In 1975, the game show phenomenon Wheel of Fortune debuted on NBC. The show ran for 14 years on the network, before moving to CBS, then back to NBC before officially getting canceled on Sept. 20, 1991. However, for eight years, along with the show’s daytime version, there was a nighttime syndicated version of the show, which debuted on Sept. 19, 1983. Confusing, right? The nighttime Wheel of Fortune has been a syndicated hit ever since.
Pat Sajak became the longest-running host of a game show when his 38th season premiered on Sept. 14, 2020. Sajak also hosted the network version of Wheel eight years after replacing the original host, Chuck Woolery. Vanna White has been with Sajack since the show’s syndicated debut. However, she debuted the network version of the game show in 1982. During her time on Wheel of Fortune, Vanna White made it into the Guinness World Book of Records. On the May 24, 2013, episode of Wheel of Fortune, Guinness World Records presented White with a most frequent clapper certificate. As of Jan. 31, 2013, it was estimated she clapped at least 3,480,864 times across the show’s 30 seasons. White not becoming a spokesperson for The Clapper seems like a missed opportunity, TBH.
Although White has been a fixture of Wheel of Fortune since 1982, she was not the first hostess on the game show. Keep scrolling for all of the details on Vanna White’s letter-turning predecessor.
Susan Stafford was the original letter turner
Although Vanna White has become a game show icon, thanks to her almost four decades on Wheel of Fortune, Susan Stafford was the original Wheel letter-turner. Stafford, born on Jan. 27, 1944, started her career as a model, which led to acting roles on the 1970’s TV series staples Ironside, Love American Style, Police Story, and Marcus Welby, MD.
Stafford’s time on Wheel of Fortune ran from 1975 to 1982, when she decided to leave the hit game show after reassessing her life priorities. Of her decision to leave Wheel, in a February 1987 interview with The Chicago Tribune, Stafford said, “I mean, for seven years I stood there and turned letters. I had to ask myself if that was any way for a grown woman to live her life.”
Despite second-guessing her life choices, in 1987, Stafford became the first woman to be nominated for an Emmy on a game show. Looking back, does she have any regrets since Vanna White became a household name? “Do I kick myself?” Stafford told The Chicago Tribune. “No, I like myself too much for that. Do I miss the money? You bet I do.” After leaving Wheel of Fortune, Susan Stafford did a total 180. Continue reading for more on her drastic life change.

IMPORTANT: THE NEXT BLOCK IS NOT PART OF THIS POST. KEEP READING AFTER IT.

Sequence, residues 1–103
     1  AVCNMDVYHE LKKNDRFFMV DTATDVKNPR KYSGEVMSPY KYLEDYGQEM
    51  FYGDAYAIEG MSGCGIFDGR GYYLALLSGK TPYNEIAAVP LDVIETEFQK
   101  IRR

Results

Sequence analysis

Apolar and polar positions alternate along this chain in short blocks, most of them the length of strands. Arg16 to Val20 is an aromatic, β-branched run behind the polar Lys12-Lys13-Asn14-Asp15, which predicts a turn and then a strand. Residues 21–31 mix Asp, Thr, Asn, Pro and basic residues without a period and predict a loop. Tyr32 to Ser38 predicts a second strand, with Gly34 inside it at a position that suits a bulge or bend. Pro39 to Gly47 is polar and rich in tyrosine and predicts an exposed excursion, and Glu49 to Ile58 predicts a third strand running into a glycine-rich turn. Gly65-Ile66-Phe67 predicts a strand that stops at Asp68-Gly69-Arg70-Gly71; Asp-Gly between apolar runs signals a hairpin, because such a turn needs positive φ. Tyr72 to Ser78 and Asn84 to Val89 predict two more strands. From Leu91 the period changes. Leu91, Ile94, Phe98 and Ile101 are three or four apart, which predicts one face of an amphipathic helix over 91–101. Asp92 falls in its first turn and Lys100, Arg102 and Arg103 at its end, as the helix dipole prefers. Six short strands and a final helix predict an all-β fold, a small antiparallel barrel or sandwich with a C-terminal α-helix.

Susan Safford became a born-again Christian
After leaving Wheel of Fortune, Susan Stafford went to work at St. Joseph Hospital in Houston, Texas, where she specialized in pastoral care education and working with dying cancer patients, The Chicago Tribune reported. Stafford revealed in her 2010 memoir, Stop the Wheel I Want to Get Off, that when she left Wheel, her bosses were quite surprised. Of the news, her boss allegedly said, “You’re going to Houston to take care of cancer patients, people who are dying? ‘Susan, you can’t be serious. Even for you, this is a stretch.'” She replied, I’m very serious Murray, I can’t expect you or anyone for that matter to understand. It’s like a special ‘calling from God.'”
Stafford became a born-again Christian, and according to her website, she earned a master’s degree and a Ph.D. in Psychology. She is also a motivational/inspirational seminar speaker and Spiritual Counselor. Stafford formed a non-profit organization called Wheel of Grace Unlimited and continues to reach out daily as a Chaplain and counselor.
One of the most interesting stories involving Susan Stafford involves the late actor Rock Hudson. She was allegedly was present when a Catholic priest led Hudson in the “sinner’s prayer” to receive Jesus Christ into his life just hours before his death at 59 on Oct. 2, 1985, from AIDS complications. “Yes, it is true that Rock Hudson accepted Jesus Christ on his deathbed,” she revealed in an interview with ASSIST Ministries. I wonder if Vanna White has any stories that can top that one?
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